The results we have obtained in infants under 12 weeks of age (table5), show that a precisely defined reference range enables osmometry to be used with diagnostic sensitivity and specificity. Our data also suggest that for older children, refining the reference ranges with respect to age can considerably improve the diagnostic efficiency of sweat osmolality measurement (table 4). Despite this improvement overall sweat osmolality and sodium measurements remain marginally inferior to conductivity and chloride.
The only CF patient (case B) whose sweat test results, for osmolality and sodium, remained equivocal, when age was taken into account, is of particular interest. He presented at a few weeks of age with respiratory symptoms that were immediately suggestive of CF. His sweat test, for chloride, was diagnostically inconclusive when performed in a specialist CF centre and the diagnosis was established by nasal epithelium chloride channel conductance measurement. Although born outside East Anglia where his neonatal biochemical screen test did not include IRT measurement, at the age of 8 months retrospective testing of his neonatal dried blood specimen showed increased IRT concentrations characteristic of an infant with CF. At the same time we carried out the four parameter sweat test; the results obtained were less equivocal for conductivity than they were for chloride (table 3). Another of the four CF patients detected by newborn screening (case A, table 3), repeatedly had unequivocally normal sweat chloride concentrations when tested elsewhere as an asymptomatic neonate.
There were no outstanding clinical features which served to distinguish control subjects (N, J, H; table 4) whose sweat test results, when age was taken into account, remained equivocal. However, one of the control subjects (subject G) included in the four parameter sweat test study deserves special note (table 2). He was 1 month old when reviewed clinically for a positive neonatal screening test result; he was a well thriving infant with no discernible signs or symptoms of CF. He was found to be heterozygous for ΔF508. His sweat test results were: conductivity 71 mmol (NaCl eq)/l, osmolality 169 mmol/kg, sodium 33 mmol/l, and chloride 47 mmol/l. On the grounds that none of these results were diagnostic of CF he was considered not to be affected. However, with the exception of sweat sodium, all of these results were three to five standard deviations greater than the control mean for his age (table 4). With hindsight, and in the light of the cumulative findings from this study, it seems reasonably likely that control patient G might be affected with a mild CF genotype with the probability that the clinical phenotype will develop later. Although it is well known that a mild biochemical phenotype can be expressed in some heterozygotes for ΔF508,12 13 and probably for other “severe” mutations, the magnitude of the deviation from “normal” observed in the sweat electrolyte concentrations of subject G makes it unlikely that he is merely heterozygous for the one mutation detected. Should his status need redefining in the event of clinical manifestation of CF, the inclusion of his sweat test results in the CF category would not alter the conclusions that we draw from this study.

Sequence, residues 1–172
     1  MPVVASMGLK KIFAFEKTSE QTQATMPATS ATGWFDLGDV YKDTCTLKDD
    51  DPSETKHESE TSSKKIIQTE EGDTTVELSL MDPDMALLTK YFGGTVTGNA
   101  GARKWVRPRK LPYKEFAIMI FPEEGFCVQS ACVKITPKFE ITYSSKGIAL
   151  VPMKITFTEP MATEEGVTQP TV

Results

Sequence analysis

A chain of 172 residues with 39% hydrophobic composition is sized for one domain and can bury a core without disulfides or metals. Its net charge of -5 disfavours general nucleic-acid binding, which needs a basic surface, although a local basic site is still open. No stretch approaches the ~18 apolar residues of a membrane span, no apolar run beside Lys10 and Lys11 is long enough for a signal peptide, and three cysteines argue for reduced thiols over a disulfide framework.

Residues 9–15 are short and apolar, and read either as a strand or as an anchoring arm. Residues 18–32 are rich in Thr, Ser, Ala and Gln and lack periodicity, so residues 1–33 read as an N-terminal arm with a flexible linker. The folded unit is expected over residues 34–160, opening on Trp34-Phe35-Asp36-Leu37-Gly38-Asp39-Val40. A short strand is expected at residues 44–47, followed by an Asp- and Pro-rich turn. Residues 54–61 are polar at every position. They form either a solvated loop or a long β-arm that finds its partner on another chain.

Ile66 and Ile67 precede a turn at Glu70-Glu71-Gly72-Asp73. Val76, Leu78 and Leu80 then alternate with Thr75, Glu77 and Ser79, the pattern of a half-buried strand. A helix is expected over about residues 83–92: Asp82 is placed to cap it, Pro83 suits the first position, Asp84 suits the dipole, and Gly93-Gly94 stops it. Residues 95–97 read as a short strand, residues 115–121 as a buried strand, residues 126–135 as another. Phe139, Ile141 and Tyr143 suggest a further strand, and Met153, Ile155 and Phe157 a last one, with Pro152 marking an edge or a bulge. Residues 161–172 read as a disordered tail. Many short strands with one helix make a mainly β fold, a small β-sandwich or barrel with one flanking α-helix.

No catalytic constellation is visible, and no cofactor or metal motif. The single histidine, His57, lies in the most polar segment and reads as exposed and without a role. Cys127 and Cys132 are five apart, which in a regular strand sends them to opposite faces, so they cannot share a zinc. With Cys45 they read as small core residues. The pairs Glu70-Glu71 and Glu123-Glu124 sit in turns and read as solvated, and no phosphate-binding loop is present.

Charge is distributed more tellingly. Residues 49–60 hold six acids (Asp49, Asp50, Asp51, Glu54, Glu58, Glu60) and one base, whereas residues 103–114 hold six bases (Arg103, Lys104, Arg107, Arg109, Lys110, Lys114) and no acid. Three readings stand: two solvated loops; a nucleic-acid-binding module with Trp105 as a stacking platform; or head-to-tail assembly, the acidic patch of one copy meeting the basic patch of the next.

At the present time it seems that CFTR mutation analysis is unlikely to provide the means whereby many of these “diagnostically equivocal” problems can be speedily resolved. Although all of our four cases (table 3) possessed the CFTR mutation ΔF508, in three of them (cases B, C, and D) the mutation on the other chromosome remained unidentified after tests which would have identified more than 90% of the CF mutations expected in our population. We anticipate that these three cases, like the fourth (case A, genotype, ΔF508/R117H), will possess one of the relatively rare “mild” mutations which, being dominant, will express as a mildly dysfunctional CFTR phenotype in the ductal epithelia of the sweat gland and probably in other tissues14; in fact all four cases were pancreatic sufficient at the time of these sweat tests.
Indirect, physical chemical, measurement of sweat electrolytes, as described here, requires that the sample is collected directly as liquid from the iontophoresis site, in contrast with the absorbed sweat sampling technique as described by Gibson and Cooke15 for direct sodium and chloride measurement. Although the Macroduct collection coil greatly reduces the risks of specimen evaporation and contamination,4 6 and osmolality and conductivity measurement virtually eliminate the potential for volumetric and gravimetric error inherent in the Gibson–Cooke procedure, some investigators6 have reported an unacceptable failure rate in obtaining a sufficient amount of sweat for analysis compared with the traditional sweat absorption pad method. We have no comparison to offer but the 1.4% failure rate we experienced in this population sample is perfectly acceptable by any criteria. Furthermore, using the Macroduct collection system over a period of many years, during confirmatory sweat testing for positive neonatal screening test results, we have failed to obtain sufficient sweat for accurate analysis at first attempt in only one infant; he was in postoperative intensive care following gastrointestinal surgery.
Our findings and experience lead us to conclude that, in the absence of conflicting comparative data, there is no rational basis for the strongly held view, emanating from clinical and laboratory practice in the USA, that indirect methods for the measurement of electrolytes are not as reliable as the traditional chemical analysis of chloride and sodium in the diagnosis of cystic fibrosis. We hope that the data presented here, and particularly that relating to sweat conductivity, will enable paediatricians and clinical biochemists to make an evidence based judgement about the scientific and clinical validity of the sweat test methods they choose to use in their practice. Clinical laboratories in the UK should welcome and benefit from current initiatives9 aimed at developing robust external quality assessment for all aspects of this important test.
We express our thanks to paediatrician and CF nurse specialist colleagues in East Anglia for their help in arranging the patient sweat tests, to Tony Mulville of CSP, Hornchurch, Essex for loan of a Wescor 5200 Osmometer and the supply of Macroducts for the study, and to Ms Dawn Anderson for the preparation of this manuscript.